Oh, I strongly believe, like the arts, that writing/reading/storytelling have enormous cultural value. The human race has based so much of their existence on storytelling, ranging anywhere from entertaining children around a campfire to creating the building blocks of our religions. Some part of our soul needs the ability and the exposure to stories. Since the dawn of time we have used tales to teach lessons or to bring peace to one another; to tell our own stories and to relay information. It’s almost as if storytelling has been an instinct since we first learned speech and I can’t imagine a world without stories, whether they be told in writing, the spoken word, or in performing and painting.
How does your book relate to your spiritual practice or other life path?
I personally was raised Catholic, but follow a more new-age pagan way of thinking: do no harm to others, be kind, and love the Earth. I love nature and I love being in nature when I can, but I also hold true to some of the things I learned going to a Catholic school run by Irish nuns. There were times growing up where other students were unkind to me, but never did I feel left out or shunned by the nuns who taught us. I grew up learning not to judge others and to treat my fellow human beings with respect. I try my best to hold true to these values today. I feel more connected to the natural world and when I feel I need to seek peace, I’ll go out into my yard and walk amongst the trees or, whenever I get the chance, plan a camping trip to Yosemite where I can recharge my soul. John Muir had it absolutely right when he described Yosemite Valley as being one of the grandest temples of nature. I consider him a kindred spirit and fellow lover of natural things :).
What were your goals and intentions in this book, and how well do you feel you achieved them?
My goals for writing the Legend of Oescienne series were to tell the story that was trapped inside of me – give voice to the characters in my head – and to preserve, in my own way, the place where I live before it becomes overdeveloped. My goals for writing the Otherworld series were similar. I wanted to showcase my hometown, tell my characters’ stories, and most importantly, inform younger readers about Celtic mythology.
Can you share some stories about people you met while researching this book?
Much of the research done for my Otherworld series was done during my time in college. I guess I could talk a little about my professors, since they were the main source of my information. I tended to take profuse notes in my Celtic Studies classes, and the classes were often so small it was more of a discussion group as opposed to a lecture. One of my favorite professors was from Australia and her lessons were so detailed and full of information that I often took two to three full pages of written notes per class. Another professor I had for one of the Norse mythology classes I took liked to add humor in with each lesson. These wonderful people made learning so much more interesting and fun, and because of that I think I retained more of what I learned and can now apply it to my own writing.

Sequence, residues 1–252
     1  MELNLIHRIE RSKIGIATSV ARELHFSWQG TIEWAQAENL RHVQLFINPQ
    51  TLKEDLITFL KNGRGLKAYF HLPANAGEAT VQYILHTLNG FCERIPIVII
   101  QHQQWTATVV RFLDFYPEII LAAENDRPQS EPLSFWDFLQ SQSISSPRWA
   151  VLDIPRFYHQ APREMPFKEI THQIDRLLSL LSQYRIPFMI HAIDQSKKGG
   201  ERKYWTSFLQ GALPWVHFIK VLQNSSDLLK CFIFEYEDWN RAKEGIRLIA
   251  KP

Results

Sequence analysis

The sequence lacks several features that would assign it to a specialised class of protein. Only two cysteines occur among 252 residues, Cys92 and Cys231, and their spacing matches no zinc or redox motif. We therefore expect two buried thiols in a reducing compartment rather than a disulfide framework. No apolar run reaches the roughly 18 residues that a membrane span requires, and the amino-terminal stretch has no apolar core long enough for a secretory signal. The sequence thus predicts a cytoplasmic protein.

What are some of the references that you used while researching this book?
Fortunately, I had kept all of my college notes and books from the Celtic classes, so I had those to turn to when I needed to recall a certain detail or two. The nice thing about writing fiction, however, is that one doesn’t have to research as much as an author writing non-fiction might. The sort of research I did was to visit a few places in my local town (that’s where the Otherworld series is set) to make sure I had the details just right. The ever-knowledgeable internet was also a great resource whenever I didn’t feel like digging through my notes :). Besides all that, daydreaming and just thinking about my scenes and characters helped work out many problems.
What do you think most characterizes your writing?
Ah, good question … I don’t think any one thing characterizes my writing. My Oescienne series is written in third person, my Otherworld series is written in first person. In both cases my main protagonist is female, but I give equal presence to my male characters as well. My characters are all people or beings who have suffered through persecution or bullying or some sort of hardship during their lives. With every author I think they have what is referred to as Voice – that element to their writing that rings true and captures the reader, but is unique to each writer, sort of like fingerprints. It’s not just the style of their writing, but something about how the words and pace and characters make the reader feel. I feel my own Voice has some depth, a pinch of humor and strong characters (in their own way) who are demanding to be heard on a level that takes time to develop. I cannot define my own Voice as well as I’d like, at least not at this point, but maybe some of my readers would be better at this than me ;).